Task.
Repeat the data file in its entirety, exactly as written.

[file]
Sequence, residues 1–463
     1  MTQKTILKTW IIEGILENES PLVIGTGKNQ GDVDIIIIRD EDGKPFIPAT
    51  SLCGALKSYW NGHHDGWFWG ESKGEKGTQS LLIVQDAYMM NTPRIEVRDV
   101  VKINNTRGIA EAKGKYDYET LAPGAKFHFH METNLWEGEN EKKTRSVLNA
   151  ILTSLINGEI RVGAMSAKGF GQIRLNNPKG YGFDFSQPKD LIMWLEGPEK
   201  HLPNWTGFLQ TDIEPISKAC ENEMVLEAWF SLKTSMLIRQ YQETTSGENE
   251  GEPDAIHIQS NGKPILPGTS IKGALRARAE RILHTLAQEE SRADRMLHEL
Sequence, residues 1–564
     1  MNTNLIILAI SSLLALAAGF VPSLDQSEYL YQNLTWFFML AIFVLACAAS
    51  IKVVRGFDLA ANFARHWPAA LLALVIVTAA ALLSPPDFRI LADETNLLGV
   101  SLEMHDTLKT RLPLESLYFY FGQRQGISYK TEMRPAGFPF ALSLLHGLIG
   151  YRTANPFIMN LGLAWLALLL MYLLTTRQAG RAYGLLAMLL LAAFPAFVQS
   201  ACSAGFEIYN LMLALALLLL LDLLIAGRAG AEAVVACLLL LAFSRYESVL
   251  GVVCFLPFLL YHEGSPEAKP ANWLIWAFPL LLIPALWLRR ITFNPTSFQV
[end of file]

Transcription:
Sequence, residues 1–463
     1  MTQKTILKTW IIEGILENES PLVIGTGKNQ GDVDIIIIRD EDGKPFIPAT
    51  SLCGALKSYW NGHHDGWFWG ESKGEKGTQS LLIVQDAYMM NTPRIEVRDV
   101  VKINNTRGIA EAKGKYDYET LAPGAKFHFH METNLWEGEN EKKTRSVLNA
   151  ILTSLINGEI RVGAMSAKGF GQIRLNNPKG YGFDFSQPKD LIMWLEGPEK
   201  HLPNWTGFLQ TDIEPISKAC ENEMVLEAWF SLKTSMLIRQ YQETTSGENE
   251  GEPDAIHIQS NGKPILPGTS IKGALRARAE RILHTLAQEE SRADRMLHEL
Sequence, residues 1–564
     1  MNTNLIILAI SSLLALAAGF VPSLDQSEYL YQNLTWFFML AIFVLACAAS
    51  IKVVRGFDLA ANFARHWPAA LLALVIVTAA ALLSPPDFRI LADETNLLGV
   101  SLEMHDTLKT RLPLESLYFY FGQRQGISYK TEMRPAGFPF ALSLLHGLIG
   151  YRTANPFIMN LGLAWLALLL MYLLTTRQAG RAYGLLAMLL LAAFPAFVQS
   201  ACSAGFEIYN LMLALALLLL LDLLIAGRAG AEAVVACLLL LAFSRYESVL
   251  GVVCFLPFLL YHEGSPEAKP ANWLIWAFPL LLIPALWLRR ITFNPTSFQV